Hunter Greene, a strong candidate to be the No. 1 pick in the Draft come June, is playing in front of a ton of scouts at the Boras Classic this week. But he's doing so as a shortstop only and will not take the mound, the spot at which he will most certainly be drafted.
That has led to speculation that the right-hander will not pitch again in a game this spring. Scouts were informed in advance of this week that Greene would only be playing shortstop -- he is a first-round talent as a hitter as well. Notre Dame coach Tom Dill told MLB.com that no final determination has been made about the rest of the season, though if he had to make a decision right now, he's leaning toward keeping Greene off of the mound.
"He'll continue to throw bullpens," Dill said. "I'm open-minded about down the road and it could change when we get to the playoffs. We had decided long ago not to throw him in this tournament. We're taking it a week at a time. He's still throwing bullpens and keeping his arms in shape. He could throw if we needed him to. You can imagine the bombarding of calls I'm getting about when he's throwing next."
Dill's mindset comes from a combination of factors. First and foremost is Greene's considerable future potential. He's seen the armies of area scouts, cross checkers, scouting directors and general managers assemble for each of the 17-year-old's starts and knows what lies ahead. He went through it with a young outfielder named Mike Stanton (now Giancarlo) a few years back, but this has been a whole different animal. Dill looks at the history of teenagers throwing 100 mph, something Greene has done on several occasions this spring, and doesn't like the landscape.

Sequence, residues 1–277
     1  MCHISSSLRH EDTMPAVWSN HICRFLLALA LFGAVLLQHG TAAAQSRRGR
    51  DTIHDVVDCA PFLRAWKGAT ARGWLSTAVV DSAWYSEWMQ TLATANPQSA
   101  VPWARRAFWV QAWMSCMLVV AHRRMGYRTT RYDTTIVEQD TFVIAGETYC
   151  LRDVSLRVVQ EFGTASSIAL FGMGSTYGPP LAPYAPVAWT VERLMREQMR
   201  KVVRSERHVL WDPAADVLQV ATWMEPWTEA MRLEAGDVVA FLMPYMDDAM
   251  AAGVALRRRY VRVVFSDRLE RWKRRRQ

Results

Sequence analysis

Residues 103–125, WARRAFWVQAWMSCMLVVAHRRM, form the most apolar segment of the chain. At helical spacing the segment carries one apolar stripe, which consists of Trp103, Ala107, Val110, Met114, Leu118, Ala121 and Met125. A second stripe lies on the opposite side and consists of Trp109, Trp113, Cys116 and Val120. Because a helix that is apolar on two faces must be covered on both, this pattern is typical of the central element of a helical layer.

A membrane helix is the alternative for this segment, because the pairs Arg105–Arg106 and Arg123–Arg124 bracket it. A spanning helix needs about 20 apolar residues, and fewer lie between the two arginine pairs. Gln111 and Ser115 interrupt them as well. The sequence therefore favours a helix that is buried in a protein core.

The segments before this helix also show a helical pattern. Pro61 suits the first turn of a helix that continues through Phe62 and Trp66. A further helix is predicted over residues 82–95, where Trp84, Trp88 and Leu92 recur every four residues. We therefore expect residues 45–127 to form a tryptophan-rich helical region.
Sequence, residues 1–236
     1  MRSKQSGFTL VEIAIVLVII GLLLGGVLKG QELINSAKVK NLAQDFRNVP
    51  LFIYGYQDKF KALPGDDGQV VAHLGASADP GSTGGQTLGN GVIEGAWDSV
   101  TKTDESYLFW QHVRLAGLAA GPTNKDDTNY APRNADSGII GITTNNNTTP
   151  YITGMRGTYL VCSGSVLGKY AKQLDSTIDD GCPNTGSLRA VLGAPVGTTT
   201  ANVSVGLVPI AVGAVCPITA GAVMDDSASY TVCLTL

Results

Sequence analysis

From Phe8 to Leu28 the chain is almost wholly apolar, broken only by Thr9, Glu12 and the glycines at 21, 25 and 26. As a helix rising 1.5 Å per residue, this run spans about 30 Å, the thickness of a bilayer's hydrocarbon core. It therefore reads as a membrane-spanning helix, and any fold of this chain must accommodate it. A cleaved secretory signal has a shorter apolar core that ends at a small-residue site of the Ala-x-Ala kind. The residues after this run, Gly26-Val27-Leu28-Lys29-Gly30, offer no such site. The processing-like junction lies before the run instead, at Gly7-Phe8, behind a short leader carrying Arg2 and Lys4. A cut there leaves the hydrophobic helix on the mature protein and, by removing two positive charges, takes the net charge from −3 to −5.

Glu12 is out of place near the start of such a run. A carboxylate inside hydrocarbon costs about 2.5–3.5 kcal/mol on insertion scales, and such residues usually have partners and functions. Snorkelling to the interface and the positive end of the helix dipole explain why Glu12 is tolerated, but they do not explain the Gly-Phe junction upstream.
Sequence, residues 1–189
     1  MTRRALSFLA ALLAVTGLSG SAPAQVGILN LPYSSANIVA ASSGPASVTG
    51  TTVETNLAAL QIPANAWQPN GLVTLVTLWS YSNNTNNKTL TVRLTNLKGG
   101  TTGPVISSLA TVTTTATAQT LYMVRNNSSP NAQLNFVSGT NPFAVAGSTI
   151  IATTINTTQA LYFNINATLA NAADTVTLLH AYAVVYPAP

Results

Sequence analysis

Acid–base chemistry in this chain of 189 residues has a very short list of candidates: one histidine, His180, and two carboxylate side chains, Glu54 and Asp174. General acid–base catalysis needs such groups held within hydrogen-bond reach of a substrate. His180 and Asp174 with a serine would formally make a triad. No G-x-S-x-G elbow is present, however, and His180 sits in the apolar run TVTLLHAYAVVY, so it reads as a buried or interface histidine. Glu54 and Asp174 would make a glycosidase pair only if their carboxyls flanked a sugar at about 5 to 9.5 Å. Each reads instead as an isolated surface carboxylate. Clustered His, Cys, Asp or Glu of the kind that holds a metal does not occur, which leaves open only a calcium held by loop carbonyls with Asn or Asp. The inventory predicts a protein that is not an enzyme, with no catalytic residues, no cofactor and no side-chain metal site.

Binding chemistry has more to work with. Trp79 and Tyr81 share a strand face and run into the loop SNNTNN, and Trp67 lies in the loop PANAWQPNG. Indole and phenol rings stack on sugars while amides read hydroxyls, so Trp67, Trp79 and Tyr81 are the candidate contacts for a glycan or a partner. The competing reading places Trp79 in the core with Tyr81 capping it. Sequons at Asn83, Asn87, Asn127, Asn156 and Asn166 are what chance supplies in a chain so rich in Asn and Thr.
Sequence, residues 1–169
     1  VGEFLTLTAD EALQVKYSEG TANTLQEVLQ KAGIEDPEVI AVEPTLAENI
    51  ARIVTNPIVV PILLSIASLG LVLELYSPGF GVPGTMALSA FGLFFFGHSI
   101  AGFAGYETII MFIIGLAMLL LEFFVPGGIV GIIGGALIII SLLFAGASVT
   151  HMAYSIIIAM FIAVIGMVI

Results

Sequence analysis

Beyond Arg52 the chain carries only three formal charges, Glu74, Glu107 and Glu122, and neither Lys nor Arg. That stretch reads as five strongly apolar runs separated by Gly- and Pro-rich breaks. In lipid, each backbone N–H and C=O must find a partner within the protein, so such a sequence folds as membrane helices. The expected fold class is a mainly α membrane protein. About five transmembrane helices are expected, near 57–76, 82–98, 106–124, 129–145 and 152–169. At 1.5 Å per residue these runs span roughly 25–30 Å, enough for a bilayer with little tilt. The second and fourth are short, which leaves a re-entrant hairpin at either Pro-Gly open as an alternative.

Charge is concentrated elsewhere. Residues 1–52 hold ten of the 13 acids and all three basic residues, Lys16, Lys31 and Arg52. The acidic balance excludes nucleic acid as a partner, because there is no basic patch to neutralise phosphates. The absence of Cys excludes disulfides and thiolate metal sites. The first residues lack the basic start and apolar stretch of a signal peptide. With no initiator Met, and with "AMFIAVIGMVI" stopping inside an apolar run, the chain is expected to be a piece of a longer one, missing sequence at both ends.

"All the reading I've done on that is that these guys who hit 100 at age 17, there aren't many of them who didn't have surgery," said Dill, who saw this first-hand, playing in the same league as Lucas Giolito, who got hurt in his senior season at Harvard-Westlake and had Tommy John surgery later that summer. "The Greenes have treated me like family and we talk about this information. Ultimately, they're putting it in my hands because they trust me. I don't want to be the guy who used him and he hurt himself on a pitch. I feel I have a slightly bigger responsibility than a coach just trying to win a game.
"He's 17 and I want to make sure he has a long, healthy future. It's like playing Russian roulette: It could be one pitch where his 17-year-old body can't handle what his arm is doing. There isn't a manual on this, I'm going off my feel. Right now, this is where my feel is."
Dill has used more than just his feel to inform his handling of this situation. He's tried to engage decision-makers who come to Greene's games and talk to them about what's best. He understands that part of Greene's future lies with evaluators getting enough opportunities to see him pitch and would not want to get in the way of that, though he would never do so if it compromised Greene's ultimate well-being.
"I didn't want to seem unconcerned about that part," Dill said. "But those I've talked to, the general managers and scouting directors, all said they've seen him pitch enough. They've seen enough outings to make a decision about him."